The 10th Kingdom
Release Year: 2000
Running Time: 6 hour 57 minutes
I’m diving into the gloriously cheesy pool for this week’s Film Friday. “The 10th Kingdom” was a TV mini series that aired back in 2000, which incorporated elements of well known fairytales and pop culture references to create almost 7 hours of corny fun. I watched this series as a tween when it first aired and loved every second of it. Recently, I stumbled across it again and decided to do a rewatch.
The plot goes thusly, Virginia Lewis (Kimberly Williams-Paisley) a young waitress living in New York is pulled into a parallel universe with her father (John Larroquette) after she accidentally hits a dog with her bike. The dog, it turns out, is the cursed grandson of Snow White who’s on the run from three trolls and a wolf who were hired by the evil queen (Dianne Wiest) to kill him. Trapped in the alternate dimension, Virginia and her father strive to find a way back home while reluctantly helping the cursed prince save his kingdom.
“The 10th Kingdom” is a fluffy piece of goodness, filled with bright colors and oddball characters. If you’re into fairytale retellings you’ll be tickled at all the references sprinkled throughout the series (Little Red Riding Hood, Little Bo Peep, Snow White, Cinderella, etc.). While some of the scenes and special effects are extremely corny, the overall story still works. It helps that there are a lot of great actors populating the series. In addition to the ones already mentioned, it also has Ed O’Neill playing Relish the troll king and Rutger Hauer as the Huntsman.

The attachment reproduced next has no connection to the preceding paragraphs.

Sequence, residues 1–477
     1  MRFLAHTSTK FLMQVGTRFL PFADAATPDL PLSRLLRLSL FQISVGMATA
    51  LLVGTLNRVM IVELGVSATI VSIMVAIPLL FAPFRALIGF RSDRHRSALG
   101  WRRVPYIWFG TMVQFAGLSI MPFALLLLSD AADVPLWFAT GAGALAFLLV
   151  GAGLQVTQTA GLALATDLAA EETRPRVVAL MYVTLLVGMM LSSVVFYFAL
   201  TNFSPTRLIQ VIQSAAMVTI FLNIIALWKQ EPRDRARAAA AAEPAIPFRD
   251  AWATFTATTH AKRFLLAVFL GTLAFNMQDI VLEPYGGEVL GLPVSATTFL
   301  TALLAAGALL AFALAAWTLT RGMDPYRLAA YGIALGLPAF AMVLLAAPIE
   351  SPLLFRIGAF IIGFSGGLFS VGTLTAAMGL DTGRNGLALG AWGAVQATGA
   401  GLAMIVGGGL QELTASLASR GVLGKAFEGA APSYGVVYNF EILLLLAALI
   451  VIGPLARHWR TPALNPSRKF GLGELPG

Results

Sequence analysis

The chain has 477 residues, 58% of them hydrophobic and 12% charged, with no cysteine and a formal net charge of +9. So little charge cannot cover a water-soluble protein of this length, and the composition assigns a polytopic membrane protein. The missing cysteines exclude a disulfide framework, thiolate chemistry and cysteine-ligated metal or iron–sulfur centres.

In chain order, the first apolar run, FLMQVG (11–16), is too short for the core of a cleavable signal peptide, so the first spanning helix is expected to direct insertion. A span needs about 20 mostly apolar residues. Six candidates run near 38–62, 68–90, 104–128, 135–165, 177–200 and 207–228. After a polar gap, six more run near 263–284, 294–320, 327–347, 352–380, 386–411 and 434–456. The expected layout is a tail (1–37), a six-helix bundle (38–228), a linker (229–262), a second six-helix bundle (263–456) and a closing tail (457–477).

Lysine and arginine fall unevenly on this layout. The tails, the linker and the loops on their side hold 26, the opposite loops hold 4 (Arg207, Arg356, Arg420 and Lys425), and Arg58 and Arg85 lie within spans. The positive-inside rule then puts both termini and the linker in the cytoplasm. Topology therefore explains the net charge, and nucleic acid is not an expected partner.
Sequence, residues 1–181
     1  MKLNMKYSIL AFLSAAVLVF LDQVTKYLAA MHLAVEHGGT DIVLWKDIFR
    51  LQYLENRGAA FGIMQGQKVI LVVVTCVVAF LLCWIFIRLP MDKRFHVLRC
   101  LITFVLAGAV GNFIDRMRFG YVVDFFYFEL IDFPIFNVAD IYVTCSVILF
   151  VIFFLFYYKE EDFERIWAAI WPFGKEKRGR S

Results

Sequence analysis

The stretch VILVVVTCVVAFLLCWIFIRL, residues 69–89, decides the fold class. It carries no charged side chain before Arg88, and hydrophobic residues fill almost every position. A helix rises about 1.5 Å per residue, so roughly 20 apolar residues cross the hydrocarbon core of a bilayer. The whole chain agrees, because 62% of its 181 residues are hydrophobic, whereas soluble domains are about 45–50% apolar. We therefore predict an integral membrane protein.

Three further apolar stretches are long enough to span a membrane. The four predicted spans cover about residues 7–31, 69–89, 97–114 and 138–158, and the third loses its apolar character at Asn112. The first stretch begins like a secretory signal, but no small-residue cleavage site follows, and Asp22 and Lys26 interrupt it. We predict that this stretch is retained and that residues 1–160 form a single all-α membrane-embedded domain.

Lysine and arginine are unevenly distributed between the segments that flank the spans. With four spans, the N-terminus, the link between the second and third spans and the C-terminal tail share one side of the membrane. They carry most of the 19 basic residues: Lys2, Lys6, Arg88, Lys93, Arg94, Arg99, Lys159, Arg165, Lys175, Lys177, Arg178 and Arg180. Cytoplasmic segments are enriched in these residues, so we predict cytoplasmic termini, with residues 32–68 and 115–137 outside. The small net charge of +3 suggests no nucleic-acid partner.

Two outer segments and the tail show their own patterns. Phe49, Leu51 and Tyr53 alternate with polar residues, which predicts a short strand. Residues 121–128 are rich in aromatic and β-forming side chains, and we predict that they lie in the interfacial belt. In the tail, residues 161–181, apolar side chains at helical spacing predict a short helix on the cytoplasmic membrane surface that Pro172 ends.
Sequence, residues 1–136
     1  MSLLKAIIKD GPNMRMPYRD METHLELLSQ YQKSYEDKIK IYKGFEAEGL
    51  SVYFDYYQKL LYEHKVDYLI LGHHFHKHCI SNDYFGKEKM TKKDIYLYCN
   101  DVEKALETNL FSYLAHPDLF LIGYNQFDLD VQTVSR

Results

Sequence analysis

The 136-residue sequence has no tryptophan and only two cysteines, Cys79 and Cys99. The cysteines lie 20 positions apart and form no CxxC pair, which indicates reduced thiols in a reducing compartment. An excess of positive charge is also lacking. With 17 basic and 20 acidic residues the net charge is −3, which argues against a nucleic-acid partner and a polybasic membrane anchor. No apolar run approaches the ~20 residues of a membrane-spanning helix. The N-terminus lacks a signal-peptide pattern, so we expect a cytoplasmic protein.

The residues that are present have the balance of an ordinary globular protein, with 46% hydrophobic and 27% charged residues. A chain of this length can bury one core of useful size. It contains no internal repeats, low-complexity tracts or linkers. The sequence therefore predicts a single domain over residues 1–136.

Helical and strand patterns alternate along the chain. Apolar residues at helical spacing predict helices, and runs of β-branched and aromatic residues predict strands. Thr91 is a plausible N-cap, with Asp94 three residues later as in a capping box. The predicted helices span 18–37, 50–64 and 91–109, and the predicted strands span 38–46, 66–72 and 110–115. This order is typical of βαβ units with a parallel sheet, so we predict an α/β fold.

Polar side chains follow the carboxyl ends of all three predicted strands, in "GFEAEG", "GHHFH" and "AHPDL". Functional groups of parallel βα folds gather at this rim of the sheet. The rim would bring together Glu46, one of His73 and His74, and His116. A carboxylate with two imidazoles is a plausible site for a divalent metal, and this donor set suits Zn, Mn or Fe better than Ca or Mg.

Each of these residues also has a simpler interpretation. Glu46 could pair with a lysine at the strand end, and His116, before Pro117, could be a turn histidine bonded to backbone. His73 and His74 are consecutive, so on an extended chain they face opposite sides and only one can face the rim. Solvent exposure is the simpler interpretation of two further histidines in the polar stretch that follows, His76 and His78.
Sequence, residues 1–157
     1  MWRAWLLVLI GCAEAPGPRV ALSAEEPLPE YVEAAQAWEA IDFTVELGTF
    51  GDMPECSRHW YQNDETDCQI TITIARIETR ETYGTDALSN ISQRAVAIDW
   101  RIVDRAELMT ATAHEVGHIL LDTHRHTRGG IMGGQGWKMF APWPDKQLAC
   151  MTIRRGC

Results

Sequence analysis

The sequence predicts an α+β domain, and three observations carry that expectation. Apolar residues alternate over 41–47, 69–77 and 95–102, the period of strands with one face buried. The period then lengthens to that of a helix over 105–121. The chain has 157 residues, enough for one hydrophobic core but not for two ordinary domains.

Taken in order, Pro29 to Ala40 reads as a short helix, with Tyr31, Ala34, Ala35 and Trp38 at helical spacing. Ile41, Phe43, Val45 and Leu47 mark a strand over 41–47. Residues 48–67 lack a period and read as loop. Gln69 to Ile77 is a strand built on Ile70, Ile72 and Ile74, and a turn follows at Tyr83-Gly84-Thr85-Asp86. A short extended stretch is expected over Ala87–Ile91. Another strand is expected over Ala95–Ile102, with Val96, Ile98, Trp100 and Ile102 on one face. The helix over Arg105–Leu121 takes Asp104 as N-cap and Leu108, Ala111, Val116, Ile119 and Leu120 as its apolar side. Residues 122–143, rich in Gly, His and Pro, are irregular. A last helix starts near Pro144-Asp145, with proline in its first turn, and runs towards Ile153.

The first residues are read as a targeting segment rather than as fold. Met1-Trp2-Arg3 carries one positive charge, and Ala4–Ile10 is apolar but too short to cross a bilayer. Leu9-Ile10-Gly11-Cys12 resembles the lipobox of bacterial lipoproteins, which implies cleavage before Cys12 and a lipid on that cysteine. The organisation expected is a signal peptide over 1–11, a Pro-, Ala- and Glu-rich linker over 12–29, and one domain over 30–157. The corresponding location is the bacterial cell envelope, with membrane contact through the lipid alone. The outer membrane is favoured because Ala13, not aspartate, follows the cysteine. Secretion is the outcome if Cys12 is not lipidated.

The only areas where the series really failed was in its handling of Virginia’s relationship with her mother. Throughout the entire story, it’s shown that Virginia is still bothered that her mother abandoned her when she was only seven. While this bit of backstory is brought-up throughout the series, the scenes dealing with it always felt forced. It might be because Viriginia was all over the place with her emotions concerning it. So, you never had the opportunity to connect with her on the issue because you didn’t know where she really stood. This all leads up to what is supposed to be a huge dramatic moment where Virginia and her father finally discuss what happened. However, the scene is the most cringe-worthy point of the series with how out of place and forced it felt.
Despite that moment and a couple of throw away plot developments that irked me, I still enjoyed watching this again. The main reason is because the dynamic between Wolf (Scott Cohen) and Virginia worked well. Wolf is an extremely passionate character, who is constantly bouncing excitedly from one thing to another. I absolutely loved his over-the-top enthusiasm about everything he encounters. So, pairing him with the down-to-earth Virginia was a lot of fun to watch as she is often completely overwhelmed and exasperated with him.
If you’re a fan of fairytale retellings and like campy films, this is worth a watch.